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I want to generate a test scene for a unit-test (big file parser). What will be faster, to have a test file and to perform I/O on it, or to generate a large memory buffer using some static parameters during the compilation?

  • "or to generate a memory buffer during the compilation" If I understand you correctly, you would have some static data compiled into the code. How do you think that would affect the compilation process by means of performance? Your question doesn't make sense for me. – πάντα ῥεῖ Mar 18 '18 at 8:51
  • @πάνταῥεῖ not all the scene will be static. It will be generated using some static parameters. – Sanich Mar 18 '18 at 9:09
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It depends.

If the generation code needs a lot of CPU cycles, using a file as a cache might bring performance benefits. If not, using a file as an intermediate storage can slow things down. The only sensible way to find out is try both and measure. The answer will also depend on your hardware & environment.

However, if you have two possible solutions at hand, start with the one which is easier to implement and check if it is quick enough for your purposes. If that is the case, there will probably no need to implement an even faster way.

Normally, I would expect the simpler solution to be a cache-free one. If that is true, I recommend to go that way, even if the other solution might be faster. Note when you introduce a file cache, you need to make sure you don't forget to update your file whenever the static parameter or the generation code changes, which means additional administrative overhead.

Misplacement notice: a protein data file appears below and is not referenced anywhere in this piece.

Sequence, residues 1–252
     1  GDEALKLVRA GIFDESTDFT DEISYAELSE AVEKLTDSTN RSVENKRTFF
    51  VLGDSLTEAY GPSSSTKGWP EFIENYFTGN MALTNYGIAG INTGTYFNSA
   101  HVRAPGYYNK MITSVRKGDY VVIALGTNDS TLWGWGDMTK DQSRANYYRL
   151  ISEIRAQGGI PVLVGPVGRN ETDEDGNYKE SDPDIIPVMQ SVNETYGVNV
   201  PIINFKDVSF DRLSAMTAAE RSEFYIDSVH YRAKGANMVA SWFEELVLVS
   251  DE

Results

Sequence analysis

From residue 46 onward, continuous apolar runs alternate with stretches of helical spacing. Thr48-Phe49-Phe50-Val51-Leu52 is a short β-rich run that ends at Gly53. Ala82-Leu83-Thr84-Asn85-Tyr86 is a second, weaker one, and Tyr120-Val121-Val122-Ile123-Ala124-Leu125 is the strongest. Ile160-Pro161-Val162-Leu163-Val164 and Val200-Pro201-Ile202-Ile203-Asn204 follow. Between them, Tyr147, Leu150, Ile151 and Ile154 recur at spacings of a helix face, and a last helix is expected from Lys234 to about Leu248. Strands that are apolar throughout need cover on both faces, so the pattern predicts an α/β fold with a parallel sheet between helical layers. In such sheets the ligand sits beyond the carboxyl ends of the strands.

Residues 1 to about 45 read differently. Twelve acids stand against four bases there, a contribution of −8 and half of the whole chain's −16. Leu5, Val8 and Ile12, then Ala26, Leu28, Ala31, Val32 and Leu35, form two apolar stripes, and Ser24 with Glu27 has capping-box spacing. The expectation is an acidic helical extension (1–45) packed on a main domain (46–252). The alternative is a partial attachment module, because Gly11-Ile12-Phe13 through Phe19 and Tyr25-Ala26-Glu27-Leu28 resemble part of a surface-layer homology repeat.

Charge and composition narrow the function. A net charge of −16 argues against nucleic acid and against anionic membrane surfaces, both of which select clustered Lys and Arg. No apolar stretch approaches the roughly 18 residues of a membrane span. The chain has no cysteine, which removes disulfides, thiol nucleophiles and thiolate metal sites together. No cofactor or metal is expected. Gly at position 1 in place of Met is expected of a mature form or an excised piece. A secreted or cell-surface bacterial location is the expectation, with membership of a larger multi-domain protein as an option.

However, if you already have a lot of test data in form of files at hand, and don't need to write a generator for this data, then better try this solution first and check if it is fast enoough.

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    @Sanich: the file does not come from thin air, you will need some generator either. And this is not about an "exact way", it is is about a "sensible way", I used that attribut very intentionally. Without knowing "the real thing", the first solution could be 100 times faster than the second, or vice versa. – Doc Brown Mar 18 '18 at 9:23
  • Do you know why this question gets downvotes? From your answer a see that it is a legit question. How can I improve it? – Sanich Mar 18 '18 at 9:26

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